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Ban on State Employee Travel Sinks Another Tour Operator

Published: August 5, 2014 (Issue # 1822)



  • "Over the first half of the year our revenues slumped 25 percent, among other reasons due to the regulation put on state employees traveling abroad," Pirogov told news agency RIA Novosti.
    Photo: Dave Heuts Photography / Flickr

The fourth Russian tour operator in just over one month went bust this weekend, said to have been toppled by, among other causes, a drastic slump in demand after the government recommended that security and law enforcement officers do not travel abroad.

This stricture, together with geopolitical tensions over Ukraine, an economic slump and a fast-weakening ruble, has resulted in a 20 to 50 percent decline in the flow of Russian tourists abroad compared to last year, depending on the destination, said Irina Tyurina, a spokeswoman for Russia's Tourism Industry Union, citing industry estimates.

On Monday, the tourism industry's troubles had drawn the attention of Prime Minister Dmitry Medvedev, who ordered his deputy Dmitry Kozak to take the situation under personal control.

"This is some kind of a breakdown, I do not remember anything like this happening before," Medvedev said, commenting on the state of affairs in the industry, the RBC news agency reported.

In July, Neva, one of Russia's oldest tour agencies, declared it was unable to meet its obligations, resulting in the abrupt cancellation of more than 6,000 active tours abroad. Two smaller companies halted operations at the end of July. And on Saturday, the biggest yet, tour operator Labyrinth, said it was suspending operations, leaving an estimated 25,000 customers stranded overseas.

Labyrinth said in a statement that the reasons for its shutdown included the falling value of the ruble against foreign currencies, and an overall negative political and economic situation. The ruble has fallen by 9 percent against the dollar since the start of the year, and by 7 percent against the euro, while the economy fights to avoid slipping into recession.

Labyrinth also blamed the recommended ban on travel abroad by employees of the state's law and order apparatus, such as prosecutors, police, tax enforcers and military personnel — called in the vernacular siloviki, or strongmen.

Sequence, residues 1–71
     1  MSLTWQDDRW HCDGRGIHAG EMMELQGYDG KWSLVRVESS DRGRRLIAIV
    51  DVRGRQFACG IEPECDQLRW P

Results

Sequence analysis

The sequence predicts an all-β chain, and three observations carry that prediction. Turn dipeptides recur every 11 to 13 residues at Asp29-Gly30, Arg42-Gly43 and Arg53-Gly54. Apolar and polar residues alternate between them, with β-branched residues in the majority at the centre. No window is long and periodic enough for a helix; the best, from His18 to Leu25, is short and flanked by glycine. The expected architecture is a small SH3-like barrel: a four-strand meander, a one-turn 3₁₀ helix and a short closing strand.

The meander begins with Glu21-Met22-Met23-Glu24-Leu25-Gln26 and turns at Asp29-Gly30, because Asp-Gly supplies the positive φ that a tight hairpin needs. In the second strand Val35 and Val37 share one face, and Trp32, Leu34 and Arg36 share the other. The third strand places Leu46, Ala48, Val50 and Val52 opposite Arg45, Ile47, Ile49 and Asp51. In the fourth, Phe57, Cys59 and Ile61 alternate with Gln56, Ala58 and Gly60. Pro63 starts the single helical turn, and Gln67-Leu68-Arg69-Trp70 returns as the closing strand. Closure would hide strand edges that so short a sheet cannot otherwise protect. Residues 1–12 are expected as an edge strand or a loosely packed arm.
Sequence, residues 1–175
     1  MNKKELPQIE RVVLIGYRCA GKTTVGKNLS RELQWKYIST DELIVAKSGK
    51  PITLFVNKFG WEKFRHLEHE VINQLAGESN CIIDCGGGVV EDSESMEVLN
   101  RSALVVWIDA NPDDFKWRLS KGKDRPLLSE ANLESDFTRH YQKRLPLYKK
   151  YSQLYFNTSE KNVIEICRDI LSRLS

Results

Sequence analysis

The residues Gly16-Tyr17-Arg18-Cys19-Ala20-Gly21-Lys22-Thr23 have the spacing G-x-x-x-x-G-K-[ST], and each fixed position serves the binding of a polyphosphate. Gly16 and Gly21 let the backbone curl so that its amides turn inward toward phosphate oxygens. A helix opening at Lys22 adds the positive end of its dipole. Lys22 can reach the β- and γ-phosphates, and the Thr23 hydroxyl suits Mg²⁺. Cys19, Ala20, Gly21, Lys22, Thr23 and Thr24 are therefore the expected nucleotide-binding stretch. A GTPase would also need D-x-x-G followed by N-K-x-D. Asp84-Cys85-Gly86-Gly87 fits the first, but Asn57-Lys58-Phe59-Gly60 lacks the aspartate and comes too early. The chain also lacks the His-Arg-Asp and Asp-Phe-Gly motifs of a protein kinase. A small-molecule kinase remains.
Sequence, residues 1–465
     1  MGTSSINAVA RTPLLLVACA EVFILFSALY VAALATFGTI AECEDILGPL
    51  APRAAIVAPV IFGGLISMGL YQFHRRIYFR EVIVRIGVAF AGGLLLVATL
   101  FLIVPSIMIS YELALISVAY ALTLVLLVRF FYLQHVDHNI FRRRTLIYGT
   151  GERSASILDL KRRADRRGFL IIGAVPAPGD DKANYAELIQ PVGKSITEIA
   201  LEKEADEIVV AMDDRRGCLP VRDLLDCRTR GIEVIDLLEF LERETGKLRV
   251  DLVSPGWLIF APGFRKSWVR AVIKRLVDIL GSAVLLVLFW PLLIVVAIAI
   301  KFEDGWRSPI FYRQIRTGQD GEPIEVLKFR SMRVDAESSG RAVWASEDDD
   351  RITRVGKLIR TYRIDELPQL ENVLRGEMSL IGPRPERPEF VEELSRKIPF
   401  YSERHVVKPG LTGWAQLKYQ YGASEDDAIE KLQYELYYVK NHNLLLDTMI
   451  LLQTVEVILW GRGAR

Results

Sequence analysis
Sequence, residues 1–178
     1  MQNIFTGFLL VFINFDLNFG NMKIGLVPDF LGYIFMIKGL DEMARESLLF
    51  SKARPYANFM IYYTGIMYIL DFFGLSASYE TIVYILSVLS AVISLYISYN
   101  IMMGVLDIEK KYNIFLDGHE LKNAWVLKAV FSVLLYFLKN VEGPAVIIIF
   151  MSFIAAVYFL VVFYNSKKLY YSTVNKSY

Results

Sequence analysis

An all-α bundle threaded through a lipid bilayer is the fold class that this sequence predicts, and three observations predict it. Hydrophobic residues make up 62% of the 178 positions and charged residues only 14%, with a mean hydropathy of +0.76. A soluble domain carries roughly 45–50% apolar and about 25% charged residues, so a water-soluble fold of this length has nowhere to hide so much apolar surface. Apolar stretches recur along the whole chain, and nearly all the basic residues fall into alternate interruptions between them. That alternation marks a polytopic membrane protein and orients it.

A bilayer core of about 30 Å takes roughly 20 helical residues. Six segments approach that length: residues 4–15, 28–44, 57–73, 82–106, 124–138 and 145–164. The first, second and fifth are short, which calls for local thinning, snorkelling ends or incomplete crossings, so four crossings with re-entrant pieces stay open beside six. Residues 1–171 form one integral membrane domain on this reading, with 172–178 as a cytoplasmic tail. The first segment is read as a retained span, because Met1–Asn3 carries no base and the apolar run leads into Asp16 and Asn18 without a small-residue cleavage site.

In April, amid the mounting standoff between Russia and the West over Ukraine, Russian media reported that the government had strongly recommended these state employees to reconsider traveling abroad due to the political uncertainty.

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ALL ABOUT TOWN

Friday, Jan. 30



The Lermontov Central Library, 19 Liteyny Prospekt, will screen 'Almost Famous’ in English with Russian subtitles at 6:30 p.m. Cameron Crowe's Academy Award-winning comedy from 2000 stars Billy Crudup, Kate Hudson, and Patrick Fugit, and tells the story of a budding music journalist at Rolling Stone magazine in the 1970s. Admission is free.



Meet renowned Russian poet, journalist and writer Dmitry Bykov, famous for his biographies of Boris Pasternak, Bulat Okudzhava and Maxim Gorky, and winner of 2006 National Bestseller Award. Bykov will read old and new poems as well as answer questions about his works at the St. Petersburg Philharmonic, Main Hall, at 7 p.m. Tickets start at 1,000 rubles and are available at city ticket offices and the from the Philharmonic website www.philharmonia.spb.ru.



A retrospective of the films of Roman Polanski starts today at Loft-Project Etagi, 74 Ligovsky Prospekt, with a screening of ‘Repulsion’ at 7 p.m. and ‘Rosemary’s Baby’ at 9:15 p.m. The series runs through Feb. 4 and will include Polanski's eminently creepy ‘The Tenant,’ the cult comedy ‘The Fearless Vampire Killers’ and ‘Cul-de-sac’ among others. Tickets are 150-200 rubles and the complete schedule is available at www.vk.com/artpokaz/



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